A change in Turkish law means that foreigners buying property in Turkey will automatically receive a residence permit for a year and buyers couldn't be happier.
Previously, foreigners buying property were treated like short term visitors, receiving a three month tourist visa. Many found that this left them scrambling to apply for a residency permit at the end of their tourist stay, an often stressful race against time which saw new residents scrambling to navigate an unfamiliar bureaucratic process.
By making it easier for foreign buyers to settle into their new home, the Turkish government hopes to encourage a boost in Turkish property sales, taking the volume up to as much as USD1 billion each year.
This is the latest action in a series of measures by the government designed to open up Turkey's property market to foreign buyers. Last May obstacles were removed for citizens of a number of Middle Eastern and Central Asian countries, who are now freely able to buy property in Turkey without restriction.
According to the Environment and Urban Planning Ministry, almost 11,000 properties have been bought since last May's law change. In May alone, foreign buyers snapped up USD1.1 billion worth of Turkey real estate, four times the total amount purchased in 2011.
Middle Eastern buyers led the way, purchasing huge numbers of properties as well as a number of hotels all over Turkey's south coast and in Istanbul.
Zeeshan Hussein is one such potential buyer. The Saudi financial consultant tells us he is searching Istanbul for a 'safe investment and home outside of the Eurozone,' and the new residence permit scheme will be a huge help in establishing himself in his new base.
"The opportunities are endless," Hussein says. The 46 year old businessman is planning to divide his time between his family home in Riyadh and an apartment in central Istanbul. "Turkey's become very popular with Saudi buyers," he said, adding that his brother and his cousin have both recently made the move to Turkey. "The culture is similar which is useful but of course a great motivation for moving is to take advantage of the opportunities Istanbul has to offer."
Hussein says Istanbul's "super-economy" spurred him to set up a financial consultancy in the city to cater to the growing numbers of Arabs seeking to invest outside their own countries. "Istanbul is the now the first place Saudis think of when they consider investment. The possibilities are there for the taking."
Place Overseas director Cameron Deggin says the number of enquiries his company has had from Arabic buyers has tripled in the past year. He believes the similarity between Turkish and Arabic cultures goes some way to explaining Turkey's huge appeal to Arab buyers.
"Turkish and Arabic cultures are similar in many ways. Because values are quite similar there is a good understanding between the two parties," the property expert said.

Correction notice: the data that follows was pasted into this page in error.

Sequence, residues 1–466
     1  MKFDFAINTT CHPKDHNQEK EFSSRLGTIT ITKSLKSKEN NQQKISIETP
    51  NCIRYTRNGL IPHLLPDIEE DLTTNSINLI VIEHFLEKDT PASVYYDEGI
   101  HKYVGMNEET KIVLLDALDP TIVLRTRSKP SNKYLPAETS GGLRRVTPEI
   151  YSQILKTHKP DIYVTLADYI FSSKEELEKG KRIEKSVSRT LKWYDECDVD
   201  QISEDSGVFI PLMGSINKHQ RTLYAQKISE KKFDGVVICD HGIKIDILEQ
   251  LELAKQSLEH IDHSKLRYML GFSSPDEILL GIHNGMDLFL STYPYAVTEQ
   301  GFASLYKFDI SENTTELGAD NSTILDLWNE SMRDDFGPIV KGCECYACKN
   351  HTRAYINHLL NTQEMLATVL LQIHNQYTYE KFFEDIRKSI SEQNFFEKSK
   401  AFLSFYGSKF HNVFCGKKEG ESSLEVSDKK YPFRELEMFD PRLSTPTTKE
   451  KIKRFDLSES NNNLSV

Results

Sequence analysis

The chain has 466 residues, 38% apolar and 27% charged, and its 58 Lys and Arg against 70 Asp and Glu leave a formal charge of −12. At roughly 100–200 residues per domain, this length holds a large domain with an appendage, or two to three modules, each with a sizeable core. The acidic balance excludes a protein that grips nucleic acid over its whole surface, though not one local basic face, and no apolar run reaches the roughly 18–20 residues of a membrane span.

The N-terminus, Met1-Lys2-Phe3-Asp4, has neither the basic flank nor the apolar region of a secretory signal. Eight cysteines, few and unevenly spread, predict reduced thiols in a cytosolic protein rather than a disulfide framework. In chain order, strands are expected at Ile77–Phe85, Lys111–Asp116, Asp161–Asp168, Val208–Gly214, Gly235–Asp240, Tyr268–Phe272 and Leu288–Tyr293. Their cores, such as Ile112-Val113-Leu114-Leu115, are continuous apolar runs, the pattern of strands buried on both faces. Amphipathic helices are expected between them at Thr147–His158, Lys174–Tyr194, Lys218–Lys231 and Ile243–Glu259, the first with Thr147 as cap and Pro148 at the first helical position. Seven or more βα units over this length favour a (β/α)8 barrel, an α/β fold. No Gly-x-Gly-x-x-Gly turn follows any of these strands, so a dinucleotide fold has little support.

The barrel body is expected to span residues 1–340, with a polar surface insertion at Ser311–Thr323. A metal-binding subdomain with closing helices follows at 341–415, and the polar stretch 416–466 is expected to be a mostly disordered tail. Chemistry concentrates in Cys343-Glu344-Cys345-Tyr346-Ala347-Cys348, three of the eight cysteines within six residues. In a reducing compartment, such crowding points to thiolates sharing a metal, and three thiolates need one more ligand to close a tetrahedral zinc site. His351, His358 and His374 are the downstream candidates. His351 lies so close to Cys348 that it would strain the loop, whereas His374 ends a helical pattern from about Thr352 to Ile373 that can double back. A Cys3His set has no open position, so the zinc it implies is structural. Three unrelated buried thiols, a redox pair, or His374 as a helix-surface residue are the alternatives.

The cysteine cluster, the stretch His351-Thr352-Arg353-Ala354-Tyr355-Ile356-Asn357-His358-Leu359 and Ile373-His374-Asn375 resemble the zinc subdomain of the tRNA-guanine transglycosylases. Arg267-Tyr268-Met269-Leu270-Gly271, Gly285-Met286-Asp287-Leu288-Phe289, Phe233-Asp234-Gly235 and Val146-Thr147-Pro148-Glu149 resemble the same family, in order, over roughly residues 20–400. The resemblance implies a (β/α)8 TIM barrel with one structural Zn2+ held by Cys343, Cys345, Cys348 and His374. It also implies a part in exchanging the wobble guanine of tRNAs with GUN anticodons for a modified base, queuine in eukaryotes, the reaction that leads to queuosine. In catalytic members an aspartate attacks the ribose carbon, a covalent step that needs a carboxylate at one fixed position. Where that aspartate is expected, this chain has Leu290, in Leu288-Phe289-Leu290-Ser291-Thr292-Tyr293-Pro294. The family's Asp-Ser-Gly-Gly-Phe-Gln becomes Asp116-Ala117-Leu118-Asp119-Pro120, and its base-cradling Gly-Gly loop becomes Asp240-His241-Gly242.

Deggin says that news of the residency permit granted to new home buyers is "really exciting and a huge step."
"It removes a level of bureaucracy that made it slightly difficult to get established in a new country. I think it’s a really positive move and shows just how much Turkey is willing to open itself to the wider world."
Deggin is resoundingly optimistic that the past year's changes in the law has well and truly thrust Turkey into the international market. "No one can deny that Turkey is now a major competitor within the European property market."
Credit ratings agencies seem to agree with Deggin, with Standards & Poors and Moodys both raising their ratings for Turkey.
Although you'll now have nearly a year's grace before you'll need to start thinking about applying for your next residence permit, you might want to bookmark the below guide to obtaining your residence permit for the happy day when you'll need to start the process.
Guide to obtaining a residence permit in Turkey:
Foreign citizens may apply for a five year permit as long as they have a property title deed. If you are renting you may only apply for a three year permit.
You will need:
- parents' full names
- Turkish tax number (you should have a tax number after going through the property buying process)
- address and phone number
- 12 passport photos
- your property title deed or a rental agreement
- translated birth certificates of any children under 18
- a bank statement from either your home country or Turkish bank, showing that you have at least 3000 GBP (for a 5 yar visa).
- photocopies of the page of your passport showing your last entry, and also of your photograph page
- fees (note 1)
What to do:
- head to the main police station in your town
- show the officer your documents and state how long a permit you want. The officer will give you a docket to take to the tax office.
- go to the tax office, pay the fee, and take the receipt back to the police station.
- the officer will go over all the documents, fill in the relevant section, and give you an idea of how long your permit will take to be processed (usually around two weeks).
- when you return you must take your passport with you.
Note 1 - Fees - if this is your first application you'll need 198TL for a residency book and 6.5TL for the money transfer charge of your residence permit book fee. Fees are charged at a monthly rate. Fees for UK citizens are 60 Euros per year. Fees are charged at USD25 for one month and USD5 for every subsequent month. The total sum will be converted to Turkish Lira on the day using the official exchange rate.
If you have any questions, please get in touch and ask one of our consultants for clarification.